Updated 7/21 with Baker comment and to note Catania has not taken campaign contributions from Baker and 7/22 to note LIUNA contributions to Bowser
With mayoral foe and fellow D.C. Council member David A. Catania hammering away at her record on education, affordable housing and more, Democratic nominee Muriel E. Bowser has generally shied away from meeting those attacks with attacks of her own.
But the tip of a wedge issue potentially favorable to Bowser may have surfaced last week, in the form of a seemingly innocuous letter from District lawmakers to the executive of a construction company that has been at odds with its workers and a prominent union.
Make that most District lawmakers: Catania was the only member of the council not to sign the July 14 letter to concrete construction firm Baker D.C. or send his own letter, as Council Chairman Phil Mendelson (D) did.
The letter asks Baker D.C., the local subsidiary of an Ohio-based national construction giant, to “meet and negotiate with workers” regarding a set of demands delivered in May and to “respect their legal rights to organize.” The Laborers’ International Union of North America has sought to organize the company’s workers, including by arranging a traffic-snarling May strike at a Connecticut Avenue NW construction site to push the company to the bargaining table.
Baker D.C. disputes the claims in the letter, including that its workers want to be unionized. Ken Fender, the company vice president to whom the council members addressed their missive, said LIUNA “tried to shut us down using outside agitators” to block entrances to the Connecticut Avenue site, “but in spite of this, the overwhelming majority of our co-workers came to work every day.”
“Baker pays fair wages and benefits to our co-workers and we will continue to do so,” Fender said. “We have been a good corporate citizen of the District and provide good jobs to DC residents.”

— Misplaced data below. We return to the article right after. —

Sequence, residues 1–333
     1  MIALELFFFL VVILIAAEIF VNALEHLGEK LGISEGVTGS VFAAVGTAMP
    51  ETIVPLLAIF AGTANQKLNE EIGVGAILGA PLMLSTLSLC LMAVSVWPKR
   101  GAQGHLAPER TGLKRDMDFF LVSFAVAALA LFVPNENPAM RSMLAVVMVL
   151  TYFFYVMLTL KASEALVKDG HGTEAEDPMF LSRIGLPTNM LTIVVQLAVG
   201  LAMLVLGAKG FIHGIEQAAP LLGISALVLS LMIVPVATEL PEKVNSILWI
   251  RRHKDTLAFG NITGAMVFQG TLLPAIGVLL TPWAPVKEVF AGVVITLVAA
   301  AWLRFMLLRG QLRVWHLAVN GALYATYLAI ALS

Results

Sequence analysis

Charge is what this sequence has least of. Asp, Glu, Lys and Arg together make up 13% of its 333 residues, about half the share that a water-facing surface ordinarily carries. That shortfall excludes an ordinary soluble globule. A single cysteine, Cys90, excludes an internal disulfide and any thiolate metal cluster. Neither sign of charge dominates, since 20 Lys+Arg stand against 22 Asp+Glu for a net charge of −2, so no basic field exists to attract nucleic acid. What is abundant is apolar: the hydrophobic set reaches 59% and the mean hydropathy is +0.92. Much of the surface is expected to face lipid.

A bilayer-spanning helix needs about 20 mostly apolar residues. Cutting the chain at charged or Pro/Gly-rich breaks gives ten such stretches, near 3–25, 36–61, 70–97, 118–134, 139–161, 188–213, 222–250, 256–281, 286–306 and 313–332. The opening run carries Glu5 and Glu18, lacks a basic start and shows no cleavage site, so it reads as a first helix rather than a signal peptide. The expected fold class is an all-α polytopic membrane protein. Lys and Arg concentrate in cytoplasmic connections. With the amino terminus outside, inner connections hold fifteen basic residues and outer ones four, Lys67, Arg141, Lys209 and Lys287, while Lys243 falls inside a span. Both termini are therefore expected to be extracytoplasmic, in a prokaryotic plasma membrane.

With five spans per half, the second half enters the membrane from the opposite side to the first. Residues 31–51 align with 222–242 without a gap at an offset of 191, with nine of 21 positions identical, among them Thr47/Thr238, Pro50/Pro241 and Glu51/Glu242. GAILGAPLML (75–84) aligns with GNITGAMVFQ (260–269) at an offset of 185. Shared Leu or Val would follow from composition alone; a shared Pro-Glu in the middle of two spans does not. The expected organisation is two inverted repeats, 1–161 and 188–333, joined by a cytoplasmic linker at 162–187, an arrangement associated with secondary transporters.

When union representatives recently canvassed the John A. Wilson Building for support from elected officials, including signatures on the letter, they made the point that Baker has done work on city-subsidized projects, including the Marriott Marquis hotel across from the Walter E. Washington Convention Center. “With the exception of Mr. Catania, every member of the Council signed a letter urging Baker D.C. to meet and negotiate with its employees and recognize their right to organize,” D.J. Castro, business manager for the LIUNA local working with the Baker workers, said in a e-mailed statement.
So why didn’t Catania sign the letter?
Catania has had a long relationship with the construction industry, most prominently by working as a vice president for non-union electrical contractor M.C. Dean until 2012. While campaign finance records show he has not reported any donations from Baker, his political campaigns have enjoyed the support of firms active with Associated Builders and Contractors, a trade group that has opposed “project labor agreements” and other union-friendly measures, and as an independent — a former Republican, in fact — Catania has shown considerably less fealty to the city’s pro-labor political orthodoxy than most of his colleagues.
Brendan Williams-Kief, Catania’s council chief of staff, acknowledged that LIUNA had reached out to Catania about signing the letter but said he “didn’t have enough information about the situation at the time to sign.” Castro, in his statement, said the union “fully briefed each council office on the Baker D.C. workers and their fight for better pay, better benefits, and union recognition.”
If Bowser — like several other signatories, a beneficiary of Laborers campaign largesse — sees political gain in painting Catania as out of step with pro-labor values as he makes his pitch to Democratic voters, she is holding her fire for now. Asked about the letter, campaign spokesman Joaquin McPeek said in an e-mailed statement that it was “another example of Muriel Bowser standing with working families” and a testament to her “strong record of protecting the Democratic rights of the District’s middle class as a councilmember and looks forward to doing so as Mayor.” No mention of Catania.
Ben Young, Catania’s campaign manager, said voters “can’t read anything into” his boss’s decision not to sign the Baker D.C. letter. Young noted that Catania has sent similar letters in the past to other private firms subject to union organizing efforts — including health-care workers and security officers affiliated with the Service Employees International Union — though none of the previous letters Catania’s office provided dealt with construction firms.
“He does like to know what the facts are before he puts his name on there, and he just didn’t get a chance to do that,” Young said, adding that Catania “has a long record of advocating for the interests of all workers, union and non-union.”